Only two chapters later, he could have read, “And there shall come forth a rod [a green shoot, or stem] out of the stem [or stump] of Jesse [who was David’s father], and a Branch shall grow out of his roots [the Branch is reference to Christ]: And the Spirit of the Lord shall rest upon Him, the spirit of wisdom and understanding, the spirit of counsel and might, the spirit of knowledge and of the fear of the Eternal: And shall make Him of quick understanding in the fear of the Eternal: and He shall not judge after the sight of His eyes, neither reprove after the hearing of His ears: But with righteousness shall He judge the poor, and reprove with equity for the meek of the earth: and He shall smite the earth with the rod of His mouth, and with the breath of His lips shall He slay the wicked” (Isaiah 11:1-4).
Christ did not smite the earth, nor slay the wicked during His time on this earth as the humble carpenter from Nazareth Who came to die for the sins of the world. These prophecies are dual, sometimes referring to Christ’s nature and His character, and sometimes referring to His coming RULE over all the world.
“And righteousness shall be the girdle of His loins, and faithfulness the girdle of His reins. The wolf also shall dwell with the lamb, and the leopard shall lie down with the kid; and the calf and the young lion and the fatling together; and a little child shall lead them” (Isaiah 11:6).
In this beautiful chapter, God’s Holy Scriptures of the Old Testament reveal not only the coming of the Messiah, but the second coming of Christ as well; the establishment of His kingdom on earth, the change in the very nature of animals, and then specific prophecies concerning the regathering of the dispersed tribes of Israel.
Obviously, this is speaking of the Kingdom of God. Equally obviously, it is speaking of conditions on this earth, not up in heaven. There are no poisonous snakes, leopards, calves, or cows in heaven.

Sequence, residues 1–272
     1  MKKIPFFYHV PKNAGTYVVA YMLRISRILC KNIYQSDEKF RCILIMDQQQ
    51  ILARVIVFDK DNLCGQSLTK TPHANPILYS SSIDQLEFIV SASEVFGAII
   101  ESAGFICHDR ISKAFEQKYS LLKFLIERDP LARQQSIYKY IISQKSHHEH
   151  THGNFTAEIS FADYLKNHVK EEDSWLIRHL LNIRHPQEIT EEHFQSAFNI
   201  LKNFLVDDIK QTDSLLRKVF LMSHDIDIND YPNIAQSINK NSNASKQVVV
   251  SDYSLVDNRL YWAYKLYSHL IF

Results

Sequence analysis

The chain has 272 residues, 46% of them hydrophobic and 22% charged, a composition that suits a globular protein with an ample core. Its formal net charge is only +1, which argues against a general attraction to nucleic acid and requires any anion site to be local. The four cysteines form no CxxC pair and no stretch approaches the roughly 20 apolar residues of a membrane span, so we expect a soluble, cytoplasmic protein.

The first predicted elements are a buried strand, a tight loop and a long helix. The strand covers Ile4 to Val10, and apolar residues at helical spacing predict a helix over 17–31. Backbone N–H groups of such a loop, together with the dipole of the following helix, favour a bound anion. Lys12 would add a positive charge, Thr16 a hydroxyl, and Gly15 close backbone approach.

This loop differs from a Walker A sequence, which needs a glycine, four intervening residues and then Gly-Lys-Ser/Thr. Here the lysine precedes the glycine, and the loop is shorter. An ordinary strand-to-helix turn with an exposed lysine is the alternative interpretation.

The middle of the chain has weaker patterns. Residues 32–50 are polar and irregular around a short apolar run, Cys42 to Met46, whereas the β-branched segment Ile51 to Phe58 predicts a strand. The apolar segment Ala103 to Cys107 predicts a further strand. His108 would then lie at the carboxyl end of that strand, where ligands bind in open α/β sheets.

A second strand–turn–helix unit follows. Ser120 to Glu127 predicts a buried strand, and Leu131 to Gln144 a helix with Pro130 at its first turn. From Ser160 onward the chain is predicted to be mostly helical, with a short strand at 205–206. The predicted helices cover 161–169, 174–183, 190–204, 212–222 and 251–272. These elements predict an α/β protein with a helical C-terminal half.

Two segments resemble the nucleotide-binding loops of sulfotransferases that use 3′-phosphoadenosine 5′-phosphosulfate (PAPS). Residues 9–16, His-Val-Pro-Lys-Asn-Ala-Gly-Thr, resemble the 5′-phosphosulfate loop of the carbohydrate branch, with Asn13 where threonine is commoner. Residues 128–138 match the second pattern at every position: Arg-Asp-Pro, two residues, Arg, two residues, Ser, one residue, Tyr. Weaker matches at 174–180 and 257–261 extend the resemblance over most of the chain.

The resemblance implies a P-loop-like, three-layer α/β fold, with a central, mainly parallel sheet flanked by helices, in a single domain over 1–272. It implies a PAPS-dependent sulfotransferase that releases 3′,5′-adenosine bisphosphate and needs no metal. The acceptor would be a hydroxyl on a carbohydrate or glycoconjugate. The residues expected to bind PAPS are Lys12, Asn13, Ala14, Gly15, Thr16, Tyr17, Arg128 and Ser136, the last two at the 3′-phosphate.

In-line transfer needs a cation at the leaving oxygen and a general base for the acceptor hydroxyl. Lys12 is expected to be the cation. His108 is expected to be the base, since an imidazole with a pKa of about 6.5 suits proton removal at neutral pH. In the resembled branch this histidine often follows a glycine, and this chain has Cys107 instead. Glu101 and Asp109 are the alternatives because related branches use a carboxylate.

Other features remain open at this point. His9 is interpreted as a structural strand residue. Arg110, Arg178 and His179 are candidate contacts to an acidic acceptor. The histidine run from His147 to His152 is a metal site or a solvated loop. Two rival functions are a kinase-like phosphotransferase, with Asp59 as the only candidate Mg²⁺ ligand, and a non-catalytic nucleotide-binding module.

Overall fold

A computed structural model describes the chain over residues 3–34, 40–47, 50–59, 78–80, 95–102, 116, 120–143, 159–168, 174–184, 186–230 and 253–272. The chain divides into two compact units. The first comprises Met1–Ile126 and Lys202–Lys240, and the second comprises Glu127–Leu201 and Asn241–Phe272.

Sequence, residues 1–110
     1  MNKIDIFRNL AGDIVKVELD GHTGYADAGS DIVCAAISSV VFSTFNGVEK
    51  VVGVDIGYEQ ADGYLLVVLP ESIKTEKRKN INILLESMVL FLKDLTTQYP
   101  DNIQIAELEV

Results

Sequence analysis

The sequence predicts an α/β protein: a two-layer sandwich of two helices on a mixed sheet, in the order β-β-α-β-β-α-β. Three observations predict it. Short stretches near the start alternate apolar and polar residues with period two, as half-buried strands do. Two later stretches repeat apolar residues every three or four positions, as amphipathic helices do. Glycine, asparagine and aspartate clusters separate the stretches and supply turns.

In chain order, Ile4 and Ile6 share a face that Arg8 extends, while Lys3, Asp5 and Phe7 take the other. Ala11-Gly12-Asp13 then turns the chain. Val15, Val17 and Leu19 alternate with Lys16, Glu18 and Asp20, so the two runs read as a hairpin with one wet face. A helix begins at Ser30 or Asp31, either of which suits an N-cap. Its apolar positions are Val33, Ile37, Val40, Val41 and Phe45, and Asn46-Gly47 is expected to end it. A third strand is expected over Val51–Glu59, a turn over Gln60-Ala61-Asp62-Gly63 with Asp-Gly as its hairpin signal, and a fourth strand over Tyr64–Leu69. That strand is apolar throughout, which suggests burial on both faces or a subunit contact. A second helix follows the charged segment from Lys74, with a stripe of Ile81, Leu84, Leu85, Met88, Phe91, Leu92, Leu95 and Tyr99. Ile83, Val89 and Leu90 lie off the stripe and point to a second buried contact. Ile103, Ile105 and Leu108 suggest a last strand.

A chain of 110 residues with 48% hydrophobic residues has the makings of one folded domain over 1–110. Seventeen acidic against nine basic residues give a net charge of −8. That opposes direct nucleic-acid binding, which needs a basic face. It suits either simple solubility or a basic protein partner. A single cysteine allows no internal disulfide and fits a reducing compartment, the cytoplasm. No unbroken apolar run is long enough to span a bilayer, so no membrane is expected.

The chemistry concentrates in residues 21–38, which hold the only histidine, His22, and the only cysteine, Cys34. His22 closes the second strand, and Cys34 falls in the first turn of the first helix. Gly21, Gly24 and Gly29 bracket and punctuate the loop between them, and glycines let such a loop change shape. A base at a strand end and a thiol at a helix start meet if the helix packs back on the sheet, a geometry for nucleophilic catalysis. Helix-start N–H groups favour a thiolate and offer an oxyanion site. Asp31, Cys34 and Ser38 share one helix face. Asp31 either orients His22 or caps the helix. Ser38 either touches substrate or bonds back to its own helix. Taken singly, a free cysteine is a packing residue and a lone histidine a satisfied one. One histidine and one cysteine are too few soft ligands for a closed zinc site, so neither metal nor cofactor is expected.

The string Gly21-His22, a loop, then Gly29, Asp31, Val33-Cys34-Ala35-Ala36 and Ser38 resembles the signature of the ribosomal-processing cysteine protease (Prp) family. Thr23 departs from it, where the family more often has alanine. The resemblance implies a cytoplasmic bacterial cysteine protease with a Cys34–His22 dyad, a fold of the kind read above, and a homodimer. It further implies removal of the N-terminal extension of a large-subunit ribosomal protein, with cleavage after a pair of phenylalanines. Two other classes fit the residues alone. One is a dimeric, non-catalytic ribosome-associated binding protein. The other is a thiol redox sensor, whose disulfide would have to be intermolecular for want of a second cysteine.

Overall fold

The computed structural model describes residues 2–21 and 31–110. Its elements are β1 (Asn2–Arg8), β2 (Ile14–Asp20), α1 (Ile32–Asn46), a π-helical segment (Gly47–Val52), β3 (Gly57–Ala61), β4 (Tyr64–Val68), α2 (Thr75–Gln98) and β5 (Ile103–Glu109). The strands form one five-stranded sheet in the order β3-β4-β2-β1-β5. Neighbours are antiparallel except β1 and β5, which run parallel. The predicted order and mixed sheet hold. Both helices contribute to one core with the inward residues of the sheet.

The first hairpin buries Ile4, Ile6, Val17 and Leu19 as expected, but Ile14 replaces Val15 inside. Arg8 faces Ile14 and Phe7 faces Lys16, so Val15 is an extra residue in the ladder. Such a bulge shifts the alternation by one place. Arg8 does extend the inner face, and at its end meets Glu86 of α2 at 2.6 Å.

Notice: “And the cow and the bear shall feed; their young ones shall lie down together: and the lion shall eat straw like the ox. And the sucking child shall play on the hole of the asp, and the weaned child shall put his hand on the cockatrice’ [adder] den. They [predators and poisonous snakes] shall not hurt nor destroy in all My holy mountain: for the earth shall be full of the knowledge of the Eternal, as the waters cover the sea. And in that day there shall be a root of Jesse [just as we read in verse 1], which shall stand for an Ensign of the people; to it shall the Gentiles [the “nations”] seek: and His rest shall be glorious” (Isaiah 11:6-10).
Jesus Christ said He was not sent, but to the “lost sheep of the House of Israel” during His earthly ministry. The Ethiopian eunuch is the first gentile of note who is singled out for God’s grace and forgiveness, even prior to Cornelius (Acts 10), and God’s vision to Peter that he should no longer call gentiles “unclean” or “common.”
This foretaste of God’s kingdom shows how Jesus Christ will call and offer salvation to the gentiles during His earthly reign as King of kings and Lord of lords (Isaiah 66:19).
But Jesus Christ did not do this during His sojourn on earth. It was only because of a gentile woman’s faith and her perseverance that Jesus healed her (Matthew 15:26,27) of an issue of blood. Otherwise, it is plain He would have continued on His way.
Notice how Isaiah 11 is inescapably dealing with the second coming of Christ and the establishment of His kingdom on earth: “And it shall come to pass in that day, that the Lord shall set His hand again the second time [this has never yet happened in history!] to recover the remnant of His people, which shall be left, from Assyria, and from Egypt, and from Pathros, and from Cush, and from Elam, and from Shinar, and from Hamath, and from the islands [coastlands] of the sea. And He shall set up an ensign for the nations, and shall assemble the outcasts of Israel, and gather together the dispersed of Judah from the four corners of the earth” (Isaiah 11:11,12). Nothing of this kind has occurred yet. There are more Jews in New York City and Los Angeles than there are in the modern nation of Israel.